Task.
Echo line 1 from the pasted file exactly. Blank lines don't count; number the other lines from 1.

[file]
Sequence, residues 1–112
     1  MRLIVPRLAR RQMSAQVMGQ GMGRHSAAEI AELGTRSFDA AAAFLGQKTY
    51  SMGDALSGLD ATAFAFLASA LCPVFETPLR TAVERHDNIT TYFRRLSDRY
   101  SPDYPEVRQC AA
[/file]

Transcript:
Sequence, residues 1–112